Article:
California has had a rough year.
A $19 billion budget deficit resulted in significant cuts to state services. Unemployment remains at 11.9% and California has the third highest foreclosure rate in the nation.
Is it time to write-off California as an overly liberal social experiment destined to fail in the 21st century?
Not for a minute. The very things that have made California the world's eighth largest economy -- a world-class higher education system, an entrepreneurial spirit and a vibrant immigrant population -- provide a strong foundation that will keep California on top for decades.
California has led the way in aerospace, entertainment and biotechnology. Its agricultural sector is the largest in the country, and the technology boom of the last forty years has made Silicon Valley the envy of the world. Within thirty miles of my office are the headquarters of Google, Facebook, Twitter, Zynga, Cisco, Tesla Motors, Hewlett Packard, Intel, Genentech, eBay, Yahoo, Apple and Oracle.
Why will California continue to lead?
As our country looks for ways to create jobs and gain energy independence, California is ground zero for the industries poised for growth over the next ten years. The clean technology companies of the future are being founded here, from solar panel manufacturers to electric car companies and the creators of next generation biofuels.
California has a unique economic environment with a culture of entrepreneurship and a state government that is committed to supporting new industries like clean technology and stem cell research. The Million Solar Roofs initiative and Proposition 71, which provided a $3 billion investment in stem cell research, are just two examples of California's continued commitment to lead.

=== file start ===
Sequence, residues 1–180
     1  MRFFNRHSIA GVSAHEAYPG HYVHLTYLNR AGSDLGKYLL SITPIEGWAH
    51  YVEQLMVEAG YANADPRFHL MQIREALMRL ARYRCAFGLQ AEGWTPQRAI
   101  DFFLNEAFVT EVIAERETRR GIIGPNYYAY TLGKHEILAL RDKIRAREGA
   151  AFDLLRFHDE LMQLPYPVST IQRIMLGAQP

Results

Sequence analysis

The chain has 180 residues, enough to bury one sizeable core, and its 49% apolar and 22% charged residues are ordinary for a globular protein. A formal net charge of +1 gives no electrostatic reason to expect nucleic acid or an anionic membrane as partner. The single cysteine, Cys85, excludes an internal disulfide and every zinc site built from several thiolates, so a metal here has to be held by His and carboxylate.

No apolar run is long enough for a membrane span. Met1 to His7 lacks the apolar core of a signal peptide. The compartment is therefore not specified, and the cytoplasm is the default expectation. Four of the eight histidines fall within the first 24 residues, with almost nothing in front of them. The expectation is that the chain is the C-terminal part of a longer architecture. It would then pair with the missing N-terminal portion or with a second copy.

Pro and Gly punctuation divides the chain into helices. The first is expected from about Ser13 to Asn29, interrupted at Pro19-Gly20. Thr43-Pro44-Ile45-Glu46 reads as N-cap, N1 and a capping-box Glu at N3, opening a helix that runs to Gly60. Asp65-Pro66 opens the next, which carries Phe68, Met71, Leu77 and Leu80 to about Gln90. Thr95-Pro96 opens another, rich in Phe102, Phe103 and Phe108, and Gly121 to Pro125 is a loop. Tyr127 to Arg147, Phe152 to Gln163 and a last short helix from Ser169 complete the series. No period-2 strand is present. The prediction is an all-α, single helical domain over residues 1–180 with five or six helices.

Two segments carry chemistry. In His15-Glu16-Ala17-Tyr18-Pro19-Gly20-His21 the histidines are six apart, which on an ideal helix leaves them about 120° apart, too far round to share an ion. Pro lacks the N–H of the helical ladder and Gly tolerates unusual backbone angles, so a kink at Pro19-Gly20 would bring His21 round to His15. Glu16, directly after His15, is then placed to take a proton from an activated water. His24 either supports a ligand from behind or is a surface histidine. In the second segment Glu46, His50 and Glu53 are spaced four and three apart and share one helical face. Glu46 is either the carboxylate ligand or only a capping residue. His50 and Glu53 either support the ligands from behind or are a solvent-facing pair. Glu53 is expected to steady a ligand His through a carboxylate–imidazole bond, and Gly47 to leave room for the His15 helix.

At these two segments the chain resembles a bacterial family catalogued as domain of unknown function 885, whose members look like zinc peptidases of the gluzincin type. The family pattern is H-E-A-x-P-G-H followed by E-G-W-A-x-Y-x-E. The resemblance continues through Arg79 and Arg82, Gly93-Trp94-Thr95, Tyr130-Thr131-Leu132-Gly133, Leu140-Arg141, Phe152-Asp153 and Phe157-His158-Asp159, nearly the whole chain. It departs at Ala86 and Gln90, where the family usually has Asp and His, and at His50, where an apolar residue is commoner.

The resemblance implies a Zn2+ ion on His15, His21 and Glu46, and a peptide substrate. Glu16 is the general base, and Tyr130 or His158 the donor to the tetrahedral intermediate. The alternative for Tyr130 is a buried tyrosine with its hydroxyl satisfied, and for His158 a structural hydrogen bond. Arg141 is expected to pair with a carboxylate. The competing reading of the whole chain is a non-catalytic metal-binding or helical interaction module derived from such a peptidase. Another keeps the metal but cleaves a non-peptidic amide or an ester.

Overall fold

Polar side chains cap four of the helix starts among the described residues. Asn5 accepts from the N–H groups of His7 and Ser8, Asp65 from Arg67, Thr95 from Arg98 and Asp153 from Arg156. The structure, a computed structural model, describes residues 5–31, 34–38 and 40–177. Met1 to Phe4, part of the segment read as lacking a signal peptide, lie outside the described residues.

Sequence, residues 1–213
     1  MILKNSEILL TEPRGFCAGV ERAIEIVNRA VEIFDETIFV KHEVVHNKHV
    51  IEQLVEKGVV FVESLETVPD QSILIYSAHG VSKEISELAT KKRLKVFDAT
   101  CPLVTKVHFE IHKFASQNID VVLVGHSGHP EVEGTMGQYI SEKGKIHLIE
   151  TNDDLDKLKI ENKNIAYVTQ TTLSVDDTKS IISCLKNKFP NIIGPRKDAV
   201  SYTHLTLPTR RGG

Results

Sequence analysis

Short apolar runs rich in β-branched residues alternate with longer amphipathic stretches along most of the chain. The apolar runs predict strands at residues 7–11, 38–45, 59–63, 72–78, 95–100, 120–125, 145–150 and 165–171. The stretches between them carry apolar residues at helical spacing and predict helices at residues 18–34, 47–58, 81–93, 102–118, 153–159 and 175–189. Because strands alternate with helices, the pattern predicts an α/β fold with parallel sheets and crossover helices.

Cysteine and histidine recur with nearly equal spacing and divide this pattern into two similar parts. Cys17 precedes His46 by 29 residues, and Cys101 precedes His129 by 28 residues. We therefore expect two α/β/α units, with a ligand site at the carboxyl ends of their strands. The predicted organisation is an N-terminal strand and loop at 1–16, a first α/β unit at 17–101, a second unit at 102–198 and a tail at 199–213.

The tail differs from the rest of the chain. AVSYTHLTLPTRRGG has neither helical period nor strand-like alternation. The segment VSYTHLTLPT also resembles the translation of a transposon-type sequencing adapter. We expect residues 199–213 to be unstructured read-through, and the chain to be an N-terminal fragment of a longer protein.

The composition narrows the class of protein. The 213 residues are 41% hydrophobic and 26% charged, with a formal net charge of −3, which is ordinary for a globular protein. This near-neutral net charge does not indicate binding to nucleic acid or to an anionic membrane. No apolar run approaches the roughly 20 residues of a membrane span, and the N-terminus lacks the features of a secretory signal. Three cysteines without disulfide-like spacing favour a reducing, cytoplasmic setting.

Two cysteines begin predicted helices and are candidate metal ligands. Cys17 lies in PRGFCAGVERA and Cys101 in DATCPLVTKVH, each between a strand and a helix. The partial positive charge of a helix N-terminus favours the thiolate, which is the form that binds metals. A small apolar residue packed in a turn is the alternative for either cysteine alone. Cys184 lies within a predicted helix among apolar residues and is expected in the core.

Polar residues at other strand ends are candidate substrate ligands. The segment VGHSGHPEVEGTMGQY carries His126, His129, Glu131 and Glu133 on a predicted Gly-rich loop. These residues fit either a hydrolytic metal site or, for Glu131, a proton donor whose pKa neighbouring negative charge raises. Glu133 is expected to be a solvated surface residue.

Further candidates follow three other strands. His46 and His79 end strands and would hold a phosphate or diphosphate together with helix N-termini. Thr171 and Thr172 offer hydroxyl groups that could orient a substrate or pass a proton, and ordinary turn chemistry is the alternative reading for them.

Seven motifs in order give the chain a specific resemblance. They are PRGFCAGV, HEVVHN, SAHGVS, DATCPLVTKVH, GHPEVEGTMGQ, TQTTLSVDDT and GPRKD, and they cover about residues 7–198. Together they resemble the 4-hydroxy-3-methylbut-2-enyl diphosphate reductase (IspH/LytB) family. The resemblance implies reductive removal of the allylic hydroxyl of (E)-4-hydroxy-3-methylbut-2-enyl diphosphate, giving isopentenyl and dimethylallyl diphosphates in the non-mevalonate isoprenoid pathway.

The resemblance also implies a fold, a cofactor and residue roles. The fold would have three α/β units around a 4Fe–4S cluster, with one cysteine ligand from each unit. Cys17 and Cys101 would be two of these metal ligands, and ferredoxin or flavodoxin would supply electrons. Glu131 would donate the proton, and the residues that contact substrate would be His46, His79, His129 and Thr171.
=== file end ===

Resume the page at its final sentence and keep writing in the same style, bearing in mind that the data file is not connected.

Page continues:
California is also home to some of the finest research universities in the world. U.S. News and World Report ranks three California schools among the top thirty in the world (Stanford University, UC Berkeley and CalTech). UC faculty members have won twenty-two Nobel prizes in the last fourteen years, and Stanford currently has sixteen Nobel laureates on faculty.
The research being conducted at our universities will lead to breakthrough technologies that can be taken to market by entrepreneurial faculty and students. But, it is not just the elite universities that are preparing students for the future.
California is also home to the largest higher educational system in the country. The California Community Colleges include 110 campuses and over 2.6 million students. This enables us to provide opportunities for millions of kids with -- and without -- high school degrees, and adults going to back to school, to build careers in the new economy.
California's higher education system and culture that encourages entrepreneurship and risk-taking continue to attract the brightest thinkers from across the globe.
While some people claim that California is home to too many immigrants, it is these very immigrants who have been the key to much of our economic growth. They come to California with dreams of creating opportunity for themselves and their families. By definition they are people not content with the status quo and are willing to take a big risk to make a better life.
Immigrants are also drawn to California because of our culture of openness and diversity. They know that California accepts people and ideas from every corner of the world and provides them with an opportunity to excel. These immigrants will continue to make California the global leader in entertainment, high tech and innovation. So while some delight in making fun of California's diversity and culture -- it is precisely these values that will draw the next generation of visionary entrepreneurs to our state.
Like much of the country, California has been knocked down over the last year, and there are some who are eager to count it out. Yet, California has long attracted builders, entrepreneurs and those who dared to dream big -- and we're going to do it again.
Steve Westly is the former State Controller of California and is currently Managing Partner of The Westly Group, a clean technology venture capital firm.